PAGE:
Think of anything you desire to do on a consistent, daily basis. You might have more than one thing. Perhaps your list includes working out, meditation, prayer, writing, blogging, generating ideas, or keeping a journal.
Maybe it’s as simple as pausing to breathe more slowly for a few minutes, or five minutes where nobody is calling your name or needing something from you or clinging to your leg.
What all of these things have in common is that they are time to connect with yourself. That elusive time often known as “me” time.
How often do you make that time for yourself?
It’s easy to find reasons why we don’t have time.
Too much work. Too many demands. Too busy. An erratic schedule. It’s too cold. It’s too hot. You’re traveling. You have friends in town. You’re not feeling well. You don’t feel like it. People need you.
If you’re committed, you’ll find a way. If not, you’ll find an excuse. — Tony Robbins
If you’re looking for a reason why you can’t do the thing you want to do, you’ll find one. They are abundant.
But so are the reasons to maintain your commitment.
Stop Searching For Time
Time not something you find at the lost and found. It’s not lost, and you won’t find it.
This is not about finding time. It’s about creating space.
The Crew Test
In the path of developing each of my rituals, the ultimate test for my commitment is what I call the “Crew Test.”
The Crew Test involves maintaining my ritual while serving on the event crew for a Tony Robbins event.
The hours are notoriously long. The days are intense, and the schedule is uncertain and subject to change. I don’t have full control over my schedule. I can get pulled to a new task at any moment. It has become the ultimate environment in which to prove to myself the strength of my commitment.
Will I get up at 4:30 or 5 am to fit in a workout and meditation before reporting to the venue for a 20+ hour day, or sleep in?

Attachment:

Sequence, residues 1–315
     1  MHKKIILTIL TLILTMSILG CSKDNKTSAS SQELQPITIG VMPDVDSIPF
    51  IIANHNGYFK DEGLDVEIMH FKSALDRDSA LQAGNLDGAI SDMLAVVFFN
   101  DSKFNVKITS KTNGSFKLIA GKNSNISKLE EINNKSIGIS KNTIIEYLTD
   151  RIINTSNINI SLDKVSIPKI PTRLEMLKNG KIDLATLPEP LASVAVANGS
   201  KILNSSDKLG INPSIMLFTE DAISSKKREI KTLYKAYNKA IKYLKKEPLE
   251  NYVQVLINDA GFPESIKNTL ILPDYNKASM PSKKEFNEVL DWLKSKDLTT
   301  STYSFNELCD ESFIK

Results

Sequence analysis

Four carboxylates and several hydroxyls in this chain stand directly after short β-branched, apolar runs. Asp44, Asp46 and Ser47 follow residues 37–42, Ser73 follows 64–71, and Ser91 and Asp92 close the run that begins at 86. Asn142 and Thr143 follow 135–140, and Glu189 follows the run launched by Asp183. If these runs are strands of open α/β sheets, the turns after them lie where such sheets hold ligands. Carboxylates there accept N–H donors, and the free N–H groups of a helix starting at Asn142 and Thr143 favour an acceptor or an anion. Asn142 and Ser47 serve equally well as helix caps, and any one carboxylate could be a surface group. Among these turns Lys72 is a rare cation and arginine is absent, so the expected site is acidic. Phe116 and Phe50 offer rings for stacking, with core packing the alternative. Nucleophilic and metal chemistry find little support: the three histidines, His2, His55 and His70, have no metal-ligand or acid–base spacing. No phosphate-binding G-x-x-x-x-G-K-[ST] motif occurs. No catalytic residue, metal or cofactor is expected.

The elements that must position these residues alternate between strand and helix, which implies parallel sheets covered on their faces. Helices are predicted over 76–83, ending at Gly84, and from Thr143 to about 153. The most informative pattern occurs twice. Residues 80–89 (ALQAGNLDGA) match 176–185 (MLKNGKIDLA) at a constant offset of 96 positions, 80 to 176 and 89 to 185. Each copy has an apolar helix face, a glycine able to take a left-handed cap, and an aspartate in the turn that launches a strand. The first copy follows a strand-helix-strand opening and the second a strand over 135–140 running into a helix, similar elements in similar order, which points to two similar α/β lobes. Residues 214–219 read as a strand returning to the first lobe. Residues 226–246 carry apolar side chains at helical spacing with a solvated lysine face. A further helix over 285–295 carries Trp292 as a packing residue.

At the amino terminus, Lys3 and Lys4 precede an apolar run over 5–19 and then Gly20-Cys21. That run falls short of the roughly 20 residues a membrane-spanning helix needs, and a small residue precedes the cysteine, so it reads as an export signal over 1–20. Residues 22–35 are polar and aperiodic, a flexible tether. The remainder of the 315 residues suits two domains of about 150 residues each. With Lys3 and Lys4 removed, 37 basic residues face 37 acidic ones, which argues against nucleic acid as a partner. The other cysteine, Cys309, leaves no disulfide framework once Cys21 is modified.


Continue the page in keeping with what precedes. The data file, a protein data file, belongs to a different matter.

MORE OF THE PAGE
Will I find a way to complete my steps?
Will maintain my journaling practice?
If I can keep my streaks alive through the long, grueling hours of Crew, then I know I can keep them alive through anything.
The Skill of Letting Go
On an ordinary day, my rituals help me develop the skill of creating space. At an event, or during another busy time, my rituals help me develop the skill of letting go.
My rituals at an event don’t always look the same as they do under more ideal conditions. A workout might be 30 minutes, instead of 90 minutes.
I am focused on the outcome, not the process. The outcome is two-fold:
First, to create some space to connect within so that I can nourish my soul and show up fueled to serve.
Second, to keep the streak alive.
One exception opens the door for more exceptions.
I must let go of perfectionism, sometimes even of “good enough.” It’s about doing whatever it takes to keep my ritual in flow.
The question is: what is the minimum I can do to feel nourished so that I can show up fully present in my service to others?
This Week’s Crew Test
Last week I celebrated one year of daily blogging. While it was a great milestone, I knew that I couldn’t fully celebrate until I had put this ritual through the Crew Test.
That happens this week.
You can’t find time. But you can find a way, or you can find an excuse.
I’m committed to finding a way.
What’s your commitment?